No substitute for ‘black marks’ on a page | Inquirer Opinion

No substitute for ‘black marks’ on a page

When Joseph O’Reilly, the UK-based Save the Children senior education adviser, prefaced his opening remarks on “Getting the World’s Children to Read” with staggering statistics—that 61 million children are out of school and that 200 million schoolchildren in developing countries struggle to read basic words—the audience needed no convincing about what he called a global learning crisis.

The early December conference of Save the Children, First Read, and the National Book Development Board on writing, illustrating, and publishing books for the Filipino child may have been eclipsed by the usual holiday frenzy. But the objective of the undertaking needs revisiting, especially as a new school year is upon us—and with data that compel us to catch potential readers early.

Children who have difficulty reading in the early years are set back even more each school year because “reading ability is progressively used as a tool for acquiring other types of knowledge.” That is the major reason students drop out in the upper grades, as learning becomes more complex for the deficient reader.

Save the Children emphasizes promoting learning especially among the world’s most underprivileged children through its First Read initiatives. No, it is not the typical book-donation endeavor but a comprehensive no-nonsense drive to develop age-appropriate and culturally-sensitive books for these children. O’Reilly built a case for early learning intervention with First Read, recognizing that the early preparation for reading begins with these initial steps, one building upon the other: talking and learning, understanding words and sounds, knowing the alphabet, understanding print, and knowing what books are.


“There is no substitute for black marks,” O’Reilly said, referring of course to what may look exactly that to the young child. There are no two ways about it, and he emphasized information that can no longer be ignored: Access to books is essential to the child’s reading development. That sounds rather commonsensical, but is access available to every Filipino child?

Consider the related issues he raised: The number of books in a child’s home has a direct correlation with his reading scores; the more varied the available reading materials are in the home, the higher the student fares in reading proficiency; the more reading the child does, results not only in his being a better reader but also in his earning higher math scores.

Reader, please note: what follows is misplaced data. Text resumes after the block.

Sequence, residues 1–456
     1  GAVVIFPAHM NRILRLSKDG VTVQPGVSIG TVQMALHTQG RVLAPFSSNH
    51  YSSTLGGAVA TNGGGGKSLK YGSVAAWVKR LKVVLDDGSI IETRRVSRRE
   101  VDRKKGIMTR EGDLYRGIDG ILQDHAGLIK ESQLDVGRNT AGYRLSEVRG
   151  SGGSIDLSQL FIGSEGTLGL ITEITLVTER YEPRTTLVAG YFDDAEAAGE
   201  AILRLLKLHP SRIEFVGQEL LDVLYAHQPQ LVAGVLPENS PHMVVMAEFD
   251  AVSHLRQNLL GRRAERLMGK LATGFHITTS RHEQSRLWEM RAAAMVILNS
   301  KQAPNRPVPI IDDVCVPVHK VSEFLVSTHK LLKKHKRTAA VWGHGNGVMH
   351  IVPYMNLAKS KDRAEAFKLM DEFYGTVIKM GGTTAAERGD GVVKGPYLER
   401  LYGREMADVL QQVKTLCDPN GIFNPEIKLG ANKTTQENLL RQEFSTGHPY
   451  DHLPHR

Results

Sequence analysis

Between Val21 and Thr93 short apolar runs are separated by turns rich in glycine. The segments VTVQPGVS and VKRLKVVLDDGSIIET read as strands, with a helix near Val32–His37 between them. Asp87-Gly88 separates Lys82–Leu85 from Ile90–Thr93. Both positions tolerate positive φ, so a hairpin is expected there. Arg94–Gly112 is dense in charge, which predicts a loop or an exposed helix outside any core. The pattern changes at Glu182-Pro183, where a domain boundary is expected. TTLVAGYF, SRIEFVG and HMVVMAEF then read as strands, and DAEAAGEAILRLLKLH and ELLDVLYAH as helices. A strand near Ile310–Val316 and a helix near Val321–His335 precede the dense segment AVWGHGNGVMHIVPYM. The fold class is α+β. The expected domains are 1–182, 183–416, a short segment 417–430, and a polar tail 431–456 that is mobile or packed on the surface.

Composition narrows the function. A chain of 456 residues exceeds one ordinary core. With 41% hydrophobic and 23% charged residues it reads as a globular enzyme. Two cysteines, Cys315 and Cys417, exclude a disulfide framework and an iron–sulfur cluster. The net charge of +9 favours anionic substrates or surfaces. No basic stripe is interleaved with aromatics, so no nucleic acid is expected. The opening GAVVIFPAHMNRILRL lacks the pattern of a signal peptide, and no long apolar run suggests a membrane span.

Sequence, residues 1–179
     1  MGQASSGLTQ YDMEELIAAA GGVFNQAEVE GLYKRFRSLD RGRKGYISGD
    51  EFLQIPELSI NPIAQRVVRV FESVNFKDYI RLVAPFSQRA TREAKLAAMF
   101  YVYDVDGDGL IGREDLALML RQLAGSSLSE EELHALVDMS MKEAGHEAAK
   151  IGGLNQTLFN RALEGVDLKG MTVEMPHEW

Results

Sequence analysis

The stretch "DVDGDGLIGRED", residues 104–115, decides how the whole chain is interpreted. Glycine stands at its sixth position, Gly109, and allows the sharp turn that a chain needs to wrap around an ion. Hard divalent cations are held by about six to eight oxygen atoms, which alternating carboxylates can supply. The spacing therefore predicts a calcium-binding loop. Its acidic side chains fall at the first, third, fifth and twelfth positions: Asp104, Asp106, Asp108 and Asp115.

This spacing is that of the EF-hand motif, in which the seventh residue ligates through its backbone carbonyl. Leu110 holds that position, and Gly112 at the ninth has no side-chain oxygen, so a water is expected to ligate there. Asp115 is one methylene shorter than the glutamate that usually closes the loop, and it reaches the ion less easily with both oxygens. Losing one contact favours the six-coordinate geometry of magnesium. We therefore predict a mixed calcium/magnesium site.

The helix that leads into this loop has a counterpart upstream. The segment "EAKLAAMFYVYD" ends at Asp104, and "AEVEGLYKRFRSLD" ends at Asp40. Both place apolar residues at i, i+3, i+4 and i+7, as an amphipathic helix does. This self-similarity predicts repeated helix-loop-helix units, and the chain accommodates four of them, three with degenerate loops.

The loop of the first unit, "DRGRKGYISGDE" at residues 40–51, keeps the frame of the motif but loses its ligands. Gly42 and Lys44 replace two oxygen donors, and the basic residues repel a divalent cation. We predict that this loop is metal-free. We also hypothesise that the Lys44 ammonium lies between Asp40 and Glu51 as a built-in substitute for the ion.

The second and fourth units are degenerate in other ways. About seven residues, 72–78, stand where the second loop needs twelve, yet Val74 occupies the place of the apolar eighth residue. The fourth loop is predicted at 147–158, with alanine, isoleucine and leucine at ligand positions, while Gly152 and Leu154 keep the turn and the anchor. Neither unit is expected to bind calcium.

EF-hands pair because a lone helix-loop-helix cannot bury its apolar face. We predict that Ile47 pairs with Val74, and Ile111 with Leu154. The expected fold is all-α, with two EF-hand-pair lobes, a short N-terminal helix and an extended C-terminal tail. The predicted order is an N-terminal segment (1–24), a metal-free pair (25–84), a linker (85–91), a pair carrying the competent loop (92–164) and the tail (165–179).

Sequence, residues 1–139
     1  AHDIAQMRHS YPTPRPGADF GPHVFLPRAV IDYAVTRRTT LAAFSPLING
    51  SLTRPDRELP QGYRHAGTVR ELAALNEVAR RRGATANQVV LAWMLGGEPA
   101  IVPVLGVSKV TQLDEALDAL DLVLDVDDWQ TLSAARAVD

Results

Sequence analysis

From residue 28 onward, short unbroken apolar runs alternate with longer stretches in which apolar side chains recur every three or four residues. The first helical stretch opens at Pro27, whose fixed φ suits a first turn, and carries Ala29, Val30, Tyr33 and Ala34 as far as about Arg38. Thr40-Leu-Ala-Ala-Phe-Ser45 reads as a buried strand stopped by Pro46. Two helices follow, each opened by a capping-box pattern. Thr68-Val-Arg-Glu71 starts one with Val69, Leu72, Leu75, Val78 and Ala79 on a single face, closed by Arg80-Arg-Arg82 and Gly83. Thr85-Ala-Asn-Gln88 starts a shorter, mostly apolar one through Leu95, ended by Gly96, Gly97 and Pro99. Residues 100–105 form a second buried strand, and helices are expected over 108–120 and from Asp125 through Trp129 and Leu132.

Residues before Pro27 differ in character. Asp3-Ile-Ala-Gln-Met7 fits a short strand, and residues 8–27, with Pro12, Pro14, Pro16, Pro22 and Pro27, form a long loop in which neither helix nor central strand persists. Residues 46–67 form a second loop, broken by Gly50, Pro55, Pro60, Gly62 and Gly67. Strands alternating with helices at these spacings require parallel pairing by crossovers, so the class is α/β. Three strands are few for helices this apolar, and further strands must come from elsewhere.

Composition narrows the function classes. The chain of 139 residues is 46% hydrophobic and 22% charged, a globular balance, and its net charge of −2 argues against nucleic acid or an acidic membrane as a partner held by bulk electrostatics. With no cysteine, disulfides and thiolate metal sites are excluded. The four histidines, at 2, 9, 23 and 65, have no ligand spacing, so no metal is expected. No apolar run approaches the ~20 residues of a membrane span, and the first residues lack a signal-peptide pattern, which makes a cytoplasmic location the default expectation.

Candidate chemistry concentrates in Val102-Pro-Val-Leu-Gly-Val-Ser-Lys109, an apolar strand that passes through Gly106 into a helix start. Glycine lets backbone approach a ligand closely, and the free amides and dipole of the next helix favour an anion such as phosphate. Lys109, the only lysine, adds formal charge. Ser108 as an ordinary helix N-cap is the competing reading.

In view of these research findings, First Read has partnered with local publishers to produce high-quality, age-appropriate books for children up to four years of age. The emphasis is on books in the local language, gifting families with the books, teaching young parents to talk, sing, count, and share books with their young, and supporting communities in continuing this advocacy. Community book collections are encouraged and supported.

To make high-quality, local-language books available to communities, First Read offers training for the local publishing industry, involving authors, illustrators, editors, and publishers. Specific guidelines and relevant advice are provided during the entire stage of book production. It also ensures the purchase of a specific number of copies for book distribution to target beneficiaries and promotes book sales through festivals and similar activities.


Thus, on that conference day at the UP Ayala Technohub in Quezon City, the undisputed highlight was the launch of First Read’s first commissioned titles in partnership with the Summer Institute of Linguistics Philippines and its director, Jason Griffiths. These included “Tukay Gumnè,” a Blaan translation of “Bahay Kubo” (a Tahanan Books for Young Readers title with pictures by Hermes Alegre); “Danga na Mangayse: Tagakaulo Children’s Games”; and CDs of “Gusamtifun I Fukal Lingag: A Collection of Blaan Songs, Rhymes, and Lullabies,” “Pagsumbukan: Tagakaulo Songs, Rhymes, and Lullabies,” “Udé Segtón: A Collection of T’boli Songs and Rhymes.” Appropriately enough, these books came wrapped in lovely T’boli woven fabric.

These books may not be among the 19 major local languages used as medium of instruction from K to Grade 3 under its Mother-Tongue-Based Multi-Lingual Education (MTB-MLE) program, but they are nevertheless helpful and welcomed by First Read beneficiaries in Mindanao. Education Undersecretary Dina Ocampo, who has always emphasized the importance of stories from the Filipino child’s own direct experience, spoke of the magical and memorable experience this will be for the child—the rare discovery of a well-produced book in his own language. What a powerful gesture that would be for him and the other children in the community.


* * *

With all these in mind during my grandnanny duty in the United States that has just wound up, I made certain that part of my daily routine with my younger grandson Emilio—who was born on Dec. 23—was reading time. In the early weeks, he did not react to the words I was reading out loud, but eventually he broke out in a wide smile when he saw a book and heard the words. Not that he understood them as yet, but he obviously appreciated the musicality of language. Yes, the stepping stone to literacy.

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Neni Sta. Romana Cruz ([email protected]) is chair of the National Book Development Board, a trustee of Teach for the Philippines, and a member of the Eggie Apostol Foundation.

TAGS: books, National Book Development Board, opinion, Save the Children

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